When I was in my 20s I had a real problem with speeding tickets. New Hampshire has tough traffic laws and I was put up for “habitual offender” a couple of times, although with the help of a fantastic attorney I was never actually certified as habitual. Good thing, because habitual offenders lose their license for years and sometimes go to jail.
Then I moved away from New Hampshire for 16 years and didn’t have any more trouble. I thought it must be that I had grown out of my youthful recklessness.
Wrong. Here I am, back in NH, and after only four years I find myself heading to court next week for a license suspension hearing. So yesterday I went to a driver safety class to get some points taken off my driving record.
I didn’t get the memo that you’re supposed to be a 19-year-old boy in order to attend driver safety class. But it was no problem for me to fit in because when they started bragging about how much trouble they’d been in I found myself easily able to compete. In fact I had most of them beat by a long shot.
But here’s what was really interesting. When I was their age, we would have sat in the back of that classroom with smirks on our faces and refused to participate. We would have wisecracked to each other about how lame the class and the instructor were, and we would have considered ourselves way too cool to take any of the class content seriously.
These kids sat in the front, answered every question asked, and raised their hands eagerly when the instructor invited discussion. They shared their experiences openly and they followed instructions when she asked us to work in groups or to fill out sections of our workbooks. They acted like they were enjoying the class. And these were not college kids, either. Most of them had jobs like truck driver and stone mason. Some of them had been in jail. They all had tattoos and wore jeans and hoodies. They swore like sailors as they told their stories about being arrested or having accidents. But there was none of the cynicism and aloofness I would have expected from such a crowd back in my day.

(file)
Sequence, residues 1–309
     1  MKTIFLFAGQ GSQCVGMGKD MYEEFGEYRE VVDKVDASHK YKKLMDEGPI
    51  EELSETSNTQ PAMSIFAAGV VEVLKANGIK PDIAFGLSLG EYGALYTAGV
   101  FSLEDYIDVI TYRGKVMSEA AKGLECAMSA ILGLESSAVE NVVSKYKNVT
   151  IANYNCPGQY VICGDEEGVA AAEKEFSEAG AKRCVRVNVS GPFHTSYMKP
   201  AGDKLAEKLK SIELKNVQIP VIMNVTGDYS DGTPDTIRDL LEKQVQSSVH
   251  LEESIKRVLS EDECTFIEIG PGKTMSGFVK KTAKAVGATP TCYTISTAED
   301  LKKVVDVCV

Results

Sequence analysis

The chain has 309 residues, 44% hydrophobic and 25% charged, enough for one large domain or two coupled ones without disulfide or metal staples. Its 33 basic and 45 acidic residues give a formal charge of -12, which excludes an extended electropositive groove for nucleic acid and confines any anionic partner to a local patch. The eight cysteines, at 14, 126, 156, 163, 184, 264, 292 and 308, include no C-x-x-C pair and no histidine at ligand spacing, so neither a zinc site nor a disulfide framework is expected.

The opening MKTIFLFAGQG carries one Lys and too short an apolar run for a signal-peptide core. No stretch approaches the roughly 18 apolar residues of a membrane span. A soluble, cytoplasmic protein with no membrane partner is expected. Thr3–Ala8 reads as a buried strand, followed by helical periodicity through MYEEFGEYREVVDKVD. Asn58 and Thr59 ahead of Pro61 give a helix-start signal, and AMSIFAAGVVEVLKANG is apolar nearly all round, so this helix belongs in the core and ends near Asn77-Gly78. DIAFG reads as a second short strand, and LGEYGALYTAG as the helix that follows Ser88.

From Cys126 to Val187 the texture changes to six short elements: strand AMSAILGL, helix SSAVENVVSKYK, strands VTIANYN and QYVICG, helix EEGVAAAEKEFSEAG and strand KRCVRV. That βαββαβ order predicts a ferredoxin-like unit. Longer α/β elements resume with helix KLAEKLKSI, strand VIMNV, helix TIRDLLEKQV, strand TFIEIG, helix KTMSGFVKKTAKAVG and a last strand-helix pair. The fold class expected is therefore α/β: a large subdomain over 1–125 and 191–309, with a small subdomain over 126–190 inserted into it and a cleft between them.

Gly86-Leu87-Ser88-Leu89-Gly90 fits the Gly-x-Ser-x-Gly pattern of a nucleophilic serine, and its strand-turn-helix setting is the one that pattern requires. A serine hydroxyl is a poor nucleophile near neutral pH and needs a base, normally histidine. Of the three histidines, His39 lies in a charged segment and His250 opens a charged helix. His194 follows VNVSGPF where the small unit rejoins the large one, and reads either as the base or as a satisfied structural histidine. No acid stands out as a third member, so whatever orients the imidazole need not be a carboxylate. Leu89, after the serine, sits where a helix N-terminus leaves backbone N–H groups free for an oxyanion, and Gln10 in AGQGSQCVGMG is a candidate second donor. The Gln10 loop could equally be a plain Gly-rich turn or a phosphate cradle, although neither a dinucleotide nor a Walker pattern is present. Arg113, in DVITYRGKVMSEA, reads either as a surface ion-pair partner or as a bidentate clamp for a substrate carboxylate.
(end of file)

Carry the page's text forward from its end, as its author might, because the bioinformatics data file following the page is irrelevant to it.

It made me think about the difference between age and generational influence. The young and old have always complained about each others’ values but clearly behavioral norms do change from one generational to the next. Millennials were raised to value education, to seek the advice of their elders, and to do everything in teams, and that’s exactly what they were doing in class yesterday. And what difference does it make? That class would have been truly painful for me if I’d had to sit through it with 20 versions of my arrogant, sarcastic younger self. These kids made the day bearable. The next time you feel compelled to complain about Gen Y, think about what you were like at their age.
Now if I could just figure out how to stop speeding.